- the property is passed from one function to another (in this case, the original function loses access to the value);
- the function “borrows” access to the value from another function, which at the same time remains the owner (this, for example, is how to borrow a book to read);
- there can be any number of such read-only borrowings;
- at any given time, there can be only one borrow for reading and writing;
- the presence of a read-write borrow precludes any read-only borrow;
- the borrow must refer to an active value (not yet destroyed, in which case there is no null/nill pointer).
This set of rules allows the compiler to statically:
- determine when to allocate and deallocate memory, and thus write code directly in the generated binary file;
- ensure the absence of dangling pointers;
- ensure that there is no “race condition” (when there are simultaneous data writes in an indefinite order to the same memory area);
- ensure that no memory overflows while references or borrows are smart pointers, according to the last rule.
What is written in Rust
Most often, Rust is used in those projects where stability and reliability under high load and the program’s overall speed are needed.
Rust is suitable for developing OS, web servers, system monitoring programs, and web engines and creating scalable front-end and back-end parts. For example, here are the most notable projects where Rust was the primary programming language:
- Dropbox is the server part that is responsible for the synchronization.
- Coursera – Most of the front and back end is written in Rust.
- Mozilla: Firefox and cache (distributed cache for the compiler).
- OpenDNS is a service for using public DNS services.
- Servo is a multi-threaded browser engine.
- Twitter – uses Rust for the high-load part of the service.
What is Rust used for?
- Cryptocurrencies and blockchain. For blockchains to make secure transactions between millions of different devices, you need fast and stable code – and programming in Rust allows you to do this. For example, it runs one of the most popular clients for the Ethereum platform – Parity.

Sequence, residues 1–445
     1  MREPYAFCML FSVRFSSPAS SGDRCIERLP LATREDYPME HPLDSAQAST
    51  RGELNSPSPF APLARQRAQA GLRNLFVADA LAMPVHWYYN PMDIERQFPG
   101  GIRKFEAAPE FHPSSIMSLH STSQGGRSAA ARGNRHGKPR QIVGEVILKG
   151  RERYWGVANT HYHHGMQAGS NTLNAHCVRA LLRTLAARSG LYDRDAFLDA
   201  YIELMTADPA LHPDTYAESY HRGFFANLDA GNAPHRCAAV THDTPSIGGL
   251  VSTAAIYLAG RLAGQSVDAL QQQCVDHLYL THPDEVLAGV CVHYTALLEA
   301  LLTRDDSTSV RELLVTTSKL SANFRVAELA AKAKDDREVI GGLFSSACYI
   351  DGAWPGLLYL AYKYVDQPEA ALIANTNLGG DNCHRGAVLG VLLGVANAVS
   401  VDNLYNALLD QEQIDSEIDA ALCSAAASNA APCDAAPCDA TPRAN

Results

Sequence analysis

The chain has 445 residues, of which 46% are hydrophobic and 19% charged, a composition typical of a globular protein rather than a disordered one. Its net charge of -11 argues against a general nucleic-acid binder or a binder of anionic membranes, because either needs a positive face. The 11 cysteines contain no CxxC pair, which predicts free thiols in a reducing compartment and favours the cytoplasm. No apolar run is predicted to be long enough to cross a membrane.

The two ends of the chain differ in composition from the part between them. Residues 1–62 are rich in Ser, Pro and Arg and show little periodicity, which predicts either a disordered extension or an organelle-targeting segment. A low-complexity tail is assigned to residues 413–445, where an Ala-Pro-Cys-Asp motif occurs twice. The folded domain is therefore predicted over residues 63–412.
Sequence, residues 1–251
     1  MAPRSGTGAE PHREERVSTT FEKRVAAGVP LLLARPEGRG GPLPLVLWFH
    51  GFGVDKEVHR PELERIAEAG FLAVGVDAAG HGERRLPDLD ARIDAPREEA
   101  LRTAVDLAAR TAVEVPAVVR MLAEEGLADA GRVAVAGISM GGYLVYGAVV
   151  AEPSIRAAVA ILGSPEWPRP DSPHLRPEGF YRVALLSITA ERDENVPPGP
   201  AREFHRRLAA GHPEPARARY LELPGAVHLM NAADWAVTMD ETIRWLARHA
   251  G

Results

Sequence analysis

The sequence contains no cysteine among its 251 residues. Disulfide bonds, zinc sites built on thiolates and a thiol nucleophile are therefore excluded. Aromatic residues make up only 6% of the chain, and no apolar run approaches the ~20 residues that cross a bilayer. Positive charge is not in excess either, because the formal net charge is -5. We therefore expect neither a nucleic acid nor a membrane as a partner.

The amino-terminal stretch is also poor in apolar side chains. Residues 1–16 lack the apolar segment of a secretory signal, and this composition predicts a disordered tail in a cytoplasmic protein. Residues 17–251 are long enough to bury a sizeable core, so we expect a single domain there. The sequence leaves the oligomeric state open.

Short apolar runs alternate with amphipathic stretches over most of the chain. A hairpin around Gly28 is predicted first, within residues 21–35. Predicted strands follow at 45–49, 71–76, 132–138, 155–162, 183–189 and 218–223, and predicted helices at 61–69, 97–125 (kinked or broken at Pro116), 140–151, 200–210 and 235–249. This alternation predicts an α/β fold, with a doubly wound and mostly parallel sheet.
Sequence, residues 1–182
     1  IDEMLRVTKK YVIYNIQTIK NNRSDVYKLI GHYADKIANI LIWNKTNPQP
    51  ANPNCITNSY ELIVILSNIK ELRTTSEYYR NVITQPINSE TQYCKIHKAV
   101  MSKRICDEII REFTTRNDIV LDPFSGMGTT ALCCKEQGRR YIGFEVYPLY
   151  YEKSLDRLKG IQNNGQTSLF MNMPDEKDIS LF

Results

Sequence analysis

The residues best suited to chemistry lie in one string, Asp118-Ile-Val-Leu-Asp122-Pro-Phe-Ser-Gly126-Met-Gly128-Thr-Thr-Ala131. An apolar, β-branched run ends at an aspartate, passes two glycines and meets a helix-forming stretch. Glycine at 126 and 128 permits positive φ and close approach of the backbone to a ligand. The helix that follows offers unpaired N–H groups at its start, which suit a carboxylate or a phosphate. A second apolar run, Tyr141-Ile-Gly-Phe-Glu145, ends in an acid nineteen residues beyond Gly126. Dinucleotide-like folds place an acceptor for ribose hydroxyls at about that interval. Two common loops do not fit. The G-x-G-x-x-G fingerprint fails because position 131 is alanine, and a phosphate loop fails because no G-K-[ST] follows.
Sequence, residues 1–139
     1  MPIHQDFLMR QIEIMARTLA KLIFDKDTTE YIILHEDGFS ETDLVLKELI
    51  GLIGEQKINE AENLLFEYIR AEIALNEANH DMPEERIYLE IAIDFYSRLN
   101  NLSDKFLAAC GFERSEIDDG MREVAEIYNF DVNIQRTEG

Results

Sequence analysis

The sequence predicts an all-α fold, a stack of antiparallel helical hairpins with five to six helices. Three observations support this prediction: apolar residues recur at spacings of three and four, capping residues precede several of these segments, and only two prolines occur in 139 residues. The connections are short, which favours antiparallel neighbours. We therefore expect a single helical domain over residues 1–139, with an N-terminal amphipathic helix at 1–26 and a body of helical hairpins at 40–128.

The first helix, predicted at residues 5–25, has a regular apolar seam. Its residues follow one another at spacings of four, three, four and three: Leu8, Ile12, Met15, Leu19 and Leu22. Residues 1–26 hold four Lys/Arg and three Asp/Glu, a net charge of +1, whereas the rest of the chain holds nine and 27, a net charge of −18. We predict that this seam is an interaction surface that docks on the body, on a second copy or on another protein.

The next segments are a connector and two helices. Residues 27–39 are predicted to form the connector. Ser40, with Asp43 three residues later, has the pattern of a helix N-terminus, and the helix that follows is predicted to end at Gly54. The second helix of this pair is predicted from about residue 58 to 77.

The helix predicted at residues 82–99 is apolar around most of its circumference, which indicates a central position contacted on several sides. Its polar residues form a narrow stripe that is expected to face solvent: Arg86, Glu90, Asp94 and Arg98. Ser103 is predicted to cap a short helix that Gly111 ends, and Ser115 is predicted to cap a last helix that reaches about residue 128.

- OS. Rust can write a full-fledged OS from scratch with drivers, a file manager, a browser, and other stuffing. In practice, few people want to compete with Apple and Microsoft, so there have been few successful projects. You can only remember the OS for smart devices Tock and the secure Redox operating system.
- Websites and web applications. Because Rust is resistant to loads, it can be used to develop server-side site logic. For example, the Dropbox cloud service rewrote its file storage system on it – and these are tens of thousands of server machines where gigabytes of new data are constantly uploaded.
- Browser Engines. It’s not for nothing that Rust was invented in Mozilla – the language was initially sharpened precisely for browser development. It has features for quickly rendering web pages in multi-threaded mode – you can split the site load into several tasks and distribute them between processor cores.
- Machine learning. Rust supports many libraries for working with big data: training algorithms, data visualization, linear algebra, working with vectors, image processing; you name it. If you see yourself in Data Science in the future, look closely at Rust.
Pros of Rust
- Speed and security. As we wrote above, Rust programs are fast and break only in hopeless situations.
- Static typing. In Rust, variable type checking occurs at the compilation stage – this is a plus for the reliability of the language.
- C++ compatible. In Rust programs, you can quickly call blocks of code from C and C++ and vice versa.
- Caring compiler. If an error occurs in the program, the compiler will tell you what went wrong and advise you on how to fix it.
- Cross-platform. Rust runs on almost any device, from computers and smartphones to ATMs and smartwatches.